Dealing with Acute Haemmorrhagic Conjunctivitis (APOLLO)

Acute hemorrhagic conjunctivitis (AHC)(also spelt acute haemorrhagic conjunctivitis) is a derivative of the highly contagious conjunctivitis virus, otherwise known as pink eye. Symptoms include excessively red, swollen eyes as well as subconjuntival hemorrhaging (according to Wikipedia).

It presents as a reddening of the affected eye because of the infection of the conjunctiva.

Many conditions can lead to the inflammation of the conjunctiva. They include allergies, bacterial infection, viral infection etc.


Acute Haemmorrhagic Conjunctivitis is normally recognized by the affected individual upon waking.

The eyelids would stick together requiring great effort in separating them. Intense whitish mucopurulentdischarge is seen throughout the day with the eye having a cerise hue.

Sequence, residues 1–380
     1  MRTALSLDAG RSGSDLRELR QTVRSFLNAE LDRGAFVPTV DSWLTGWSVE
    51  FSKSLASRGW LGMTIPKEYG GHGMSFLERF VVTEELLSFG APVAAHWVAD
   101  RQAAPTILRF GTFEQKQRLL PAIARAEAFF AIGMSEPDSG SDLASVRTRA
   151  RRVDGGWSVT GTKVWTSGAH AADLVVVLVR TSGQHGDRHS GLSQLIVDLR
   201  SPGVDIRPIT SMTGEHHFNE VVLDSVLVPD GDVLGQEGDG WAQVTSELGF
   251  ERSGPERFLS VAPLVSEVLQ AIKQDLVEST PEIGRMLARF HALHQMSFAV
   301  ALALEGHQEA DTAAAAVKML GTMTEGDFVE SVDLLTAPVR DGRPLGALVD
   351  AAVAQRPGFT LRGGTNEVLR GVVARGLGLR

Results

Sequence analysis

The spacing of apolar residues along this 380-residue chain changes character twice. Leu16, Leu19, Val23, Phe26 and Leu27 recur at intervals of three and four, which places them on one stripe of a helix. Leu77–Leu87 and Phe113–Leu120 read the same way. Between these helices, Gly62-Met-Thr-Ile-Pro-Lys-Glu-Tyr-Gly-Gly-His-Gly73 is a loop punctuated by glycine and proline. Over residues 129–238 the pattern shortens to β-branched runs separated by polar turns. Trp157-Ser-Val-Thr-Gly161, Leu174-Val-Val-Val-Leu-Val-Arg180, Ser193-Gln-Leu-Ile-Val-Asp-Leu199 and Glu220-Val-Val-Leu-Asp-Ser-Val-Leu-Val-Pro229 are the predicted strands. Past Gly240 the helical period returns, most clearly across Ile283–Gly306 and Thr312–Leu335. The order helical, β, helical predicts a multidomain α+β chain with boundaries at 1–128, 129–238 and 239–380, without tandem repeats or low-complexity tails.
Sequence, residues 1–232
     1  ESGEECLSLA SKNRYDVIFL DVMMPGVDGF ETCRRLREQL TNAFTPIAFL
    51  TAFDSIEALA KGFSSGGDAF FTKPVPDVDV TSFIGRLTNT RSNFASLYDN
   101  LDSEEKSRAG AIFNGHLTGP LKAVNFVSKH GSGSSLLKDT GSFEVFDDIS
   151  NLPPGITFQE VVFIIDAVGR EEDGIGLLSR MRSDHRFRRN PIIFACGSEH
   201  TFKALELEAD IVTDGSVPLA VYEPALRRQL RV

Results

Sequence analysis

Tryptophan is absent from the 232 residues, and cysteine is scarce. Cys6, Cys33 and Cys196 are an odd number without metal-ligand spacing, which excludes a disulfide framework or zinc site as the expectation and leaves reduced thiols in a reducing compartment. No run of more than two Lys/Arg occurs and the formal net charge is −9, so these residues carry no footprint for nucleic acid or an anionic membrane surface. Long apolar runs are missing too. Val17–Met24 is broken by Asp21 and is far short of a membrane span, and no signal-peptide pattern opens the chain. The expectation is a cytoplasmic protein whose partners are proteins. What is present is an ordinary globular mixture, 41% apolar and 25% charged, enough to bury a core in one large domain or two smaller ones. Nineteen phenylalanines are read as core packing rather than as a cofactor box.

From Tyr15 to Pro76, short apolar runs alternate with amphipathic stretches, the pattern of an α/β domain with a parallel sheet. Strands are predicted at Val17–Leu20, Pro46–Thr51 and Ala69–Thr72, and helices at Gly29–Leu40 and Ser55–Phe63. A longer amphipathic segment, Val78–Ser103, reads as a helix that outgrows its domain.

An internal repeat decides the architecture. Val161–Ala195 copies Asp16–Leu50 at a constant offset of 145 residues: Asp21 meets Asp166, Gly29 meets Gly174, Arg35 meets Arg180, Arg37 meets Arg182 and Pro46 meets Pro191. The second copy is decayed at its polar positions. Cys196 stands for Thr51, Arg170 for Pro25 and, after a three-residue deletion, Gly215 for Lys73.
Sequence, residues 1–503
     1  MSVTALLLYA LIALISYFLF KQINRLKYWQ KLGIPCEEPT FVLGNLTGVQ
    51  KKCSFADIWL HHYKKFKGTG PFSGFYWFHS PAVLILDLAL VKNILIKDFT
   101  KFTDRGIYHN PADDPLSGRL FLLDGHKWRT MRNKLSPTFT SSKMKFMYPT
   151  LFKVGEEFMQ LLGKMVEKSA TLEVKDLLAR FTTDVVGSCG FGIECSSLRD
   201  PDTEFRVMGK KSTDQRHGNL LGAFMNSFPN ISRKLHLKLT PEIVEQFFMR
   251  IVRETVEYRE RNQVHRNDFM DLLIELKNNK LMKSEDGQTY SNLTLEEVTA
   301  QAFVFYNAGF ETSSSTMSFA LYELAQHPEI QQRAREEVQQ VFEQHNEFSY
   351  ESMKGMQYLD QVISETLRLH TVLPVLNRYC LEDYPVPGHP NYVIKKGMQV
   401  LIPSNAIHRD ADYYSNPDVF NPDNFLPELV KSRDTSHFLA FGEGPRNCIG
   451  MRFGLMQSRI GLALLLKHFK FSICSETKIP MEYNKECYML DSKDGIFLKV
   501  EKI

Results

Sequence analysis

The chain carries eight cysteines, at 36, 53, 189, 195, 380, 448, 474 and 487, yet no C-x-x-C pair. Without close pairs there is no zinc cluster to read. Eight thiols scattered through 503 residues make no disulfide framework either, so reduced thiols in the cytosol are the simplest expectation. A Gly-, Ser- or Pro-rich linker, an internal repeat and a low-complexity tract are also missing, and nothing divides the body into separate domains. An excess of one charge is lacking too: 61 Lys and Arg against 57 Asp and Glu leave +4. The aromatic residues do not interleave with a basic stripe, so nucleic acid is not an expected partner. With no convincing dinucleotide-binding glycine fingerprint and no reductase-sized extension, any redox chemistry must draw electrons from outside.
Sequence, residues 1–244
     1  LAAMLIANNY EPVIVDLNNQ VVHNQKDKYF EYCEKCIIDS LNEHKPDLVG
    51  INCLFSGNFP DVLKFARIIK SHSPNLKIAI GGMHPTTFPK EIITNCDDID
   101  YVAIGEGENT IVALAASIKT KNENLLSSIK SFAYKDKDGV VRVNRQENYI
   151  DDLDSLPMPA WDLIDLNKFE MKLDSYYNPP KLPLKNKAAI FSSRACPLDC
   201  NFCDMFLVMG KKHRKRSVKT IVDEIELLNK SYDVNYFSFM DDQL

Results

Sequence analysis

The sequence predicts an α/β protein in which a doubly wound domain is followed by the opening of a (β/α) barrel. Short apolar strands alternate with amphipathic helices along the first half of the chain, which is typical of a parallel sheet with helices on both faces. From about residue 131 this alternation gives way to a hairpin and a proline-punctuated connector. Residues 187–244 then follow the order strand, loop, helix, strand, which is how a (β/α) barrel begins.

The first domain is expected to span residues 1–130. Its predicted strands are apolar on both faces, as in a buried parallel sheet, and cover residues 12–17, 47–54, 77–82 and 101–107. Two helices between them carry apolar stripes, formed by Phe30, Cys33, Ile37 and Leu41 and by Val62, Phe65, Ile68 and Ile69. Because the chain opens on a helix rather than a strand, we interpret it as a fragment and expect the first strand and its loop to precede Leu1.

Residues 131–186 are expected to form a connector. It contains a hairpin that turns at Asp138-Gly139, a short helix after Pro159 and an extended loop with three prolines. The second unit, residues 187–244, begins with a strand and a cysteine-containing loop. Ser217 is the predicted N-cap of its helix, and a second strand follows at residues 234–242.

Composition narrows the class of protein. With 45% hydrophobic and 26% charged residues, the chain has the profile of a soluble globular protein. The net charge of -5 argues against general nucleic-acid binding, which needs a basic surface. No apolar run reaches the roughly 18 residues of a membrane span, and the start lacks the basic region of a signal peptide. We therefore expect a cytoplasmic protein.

There is pain which is worse upon looking up or at light.

Other symptoms include sore eyes, grittiness or burning sensation felt on the eye, redness, watery discharge, swelling of eyelids.

Infection rate of Apollo

Has a very fast rate of infection.

Upon affecting one eye, the condition is understood to infect the opposite eye in a very short while(maximum 3 days). As an infected person goes aroundhis house or work, the conditions spreads.

This is as a result of the items that the individual touches normally become sources of infection.

As such it’s suggested that when infected, the individual should keep a high level of hygiene so that the rate of infection can be regulated.

 The forecast of the sickness in terms of its resolution is incredibly good. Though it can go without medication, the condition can resolve faster if antibiotics are administered onto the eye.

Apollo is of an annual occurrence which affects hundreds of thousands of people in Ghana every year. Because of the ease of spread -from person to person, it needs prompt treatment.

Apollo is not spread just by looking into the affected person’s eye.

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